One of the most beloved stories from the life of Jesus tells of his calming a terrifying storm on the Sea of Galilee (Matthew 8:23-27; Mark 4:37-41; Luke 8:22-25). As with all his miracles, Jesus’ primary purpose, for his apostles as well as us, was to demonstrate his power, proving his deity.
The story also serves as a calming source of encouragement and assurance of the power we can call on to save us from the storms that threaten us, physically and spiritually.
Several Christian hymns, such as the familiar Master, the Tempest is Raging, talk about God protection and help for those on the sea, and also help us encourage one another to face life with greater faith.
Master, the tempest is raging! The billows are tossing high!
The sky is o’ershadowed with blackness; No shelter or help is nigh.
Carest Thou not that we perish? How canst Thou lie asleep,
When each moment so madly is threatening A grave in the angry deep?
Master, with anguish of spirit I bow in my grief today;
The depths of my sad heart are troubled, Oh, waken and save, I pray!
Torrents of sin and of anguish Sweep o’er my sinking soul
And I perish! I perish! dear Master; Oh, hasten, and take control
Master, the terror is over, The elements sweetly rest
Earth’s sun in the calm lake is mirrored And heaven’s within my breast
Linger, O bless’d Redeemer! Leave me alone no more; And with joy I shall make the blest harbor And rest on the blissful shore
In 1871, Edward Hopper and John E. Gould collaborated to give us the words and music to Jesus, Savior, Pilot Me. The first two verses tell the story:
Jesus, Savior, pilot me Over life’s tempestuous sea;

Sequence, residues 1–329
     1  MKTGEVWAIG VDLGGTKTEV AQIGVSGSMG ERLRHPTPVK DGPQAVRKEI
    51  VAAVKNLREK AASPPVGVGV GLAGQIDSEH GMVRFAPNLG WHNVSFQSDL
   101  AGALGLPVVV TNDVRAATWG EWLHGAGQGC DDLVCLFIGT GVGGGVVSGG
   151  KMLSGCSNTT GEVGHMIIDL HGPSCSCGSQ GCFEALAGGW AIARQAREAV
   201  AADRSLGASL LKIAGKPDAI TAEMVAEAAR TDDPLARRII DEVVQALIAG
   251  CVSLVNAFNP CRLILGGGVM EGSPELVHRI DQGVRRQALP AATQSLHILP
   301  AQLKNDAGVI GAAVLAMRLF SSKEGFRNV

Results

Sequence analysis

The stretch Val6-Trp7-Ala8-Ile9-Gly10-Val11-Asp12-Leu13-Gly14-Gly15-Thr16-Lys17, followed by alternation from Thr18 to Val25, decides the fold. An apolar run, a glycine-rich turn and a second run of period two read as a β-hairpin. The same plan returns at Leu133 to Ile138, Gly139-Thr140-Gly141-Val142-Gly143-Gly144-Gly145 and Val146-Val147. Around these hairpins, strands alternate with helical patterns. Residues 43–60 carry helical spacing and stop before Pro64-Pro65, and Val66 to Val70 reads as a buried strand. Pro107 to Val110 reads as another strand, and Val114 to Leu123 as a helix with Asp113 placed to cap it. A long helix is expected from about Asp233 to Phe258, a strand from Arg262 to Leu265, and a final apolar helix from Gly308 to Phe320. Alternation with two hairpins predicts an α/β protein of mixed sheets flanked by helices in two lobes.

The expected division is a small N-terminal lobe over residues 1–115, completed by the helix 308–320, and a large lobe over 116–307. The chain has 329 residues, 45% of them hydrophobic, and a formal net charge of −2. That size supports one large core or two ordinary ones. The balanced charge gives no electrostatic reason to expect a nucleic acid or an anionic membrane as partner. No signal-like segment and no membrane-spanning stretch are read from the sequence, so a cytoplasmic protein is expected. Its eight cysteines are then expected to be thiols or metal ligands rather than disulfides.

Unknown waves before me roll, Hiding rock and treach’rous shoal;
As a mother stills her child, Thou canst hush the ocean wild;
Boistr’ous waves obey th will, When Thou say’st to them, “Be still;”
Though the song isn’t entirely about the storm at sea, the second stanza of Thomas O. Chisholm’s Be with Me, Lord makes application of Jesus’ power:
Be with me, Lord, and then if dangers threaten,
If storms of trials burst above my head,
If lashing seas leap everywhere about me,
They cannot harm, or make my heart afraid.
There are other songs that refer to this extraordinary display of Jesus’ loving care for his disciples, as well as other stories, miraculous and non-miraculous, that confirm God’s ability and willingness to help the helpless. Its difficult, when talking about God’s care for us portrayed in nature, to leave out William Whiting’s majestic Naval Hymn, which begins with this wonderfully moving stanza:
Eternal Father, strong to save,
Whose arm hath bound the restless wave,
Who bidd’st the mighty ocean
Its own appointed limits keep:
O hear us when we cry to Thee
For those in peril on the sea.
Dear Reader, how grateful we should be for the privilege to “Speak to one another in psalms, hymns and spiritual songs” as we “Sing and make music in [our] hearts to the Lord.” (Ephesians 5:19)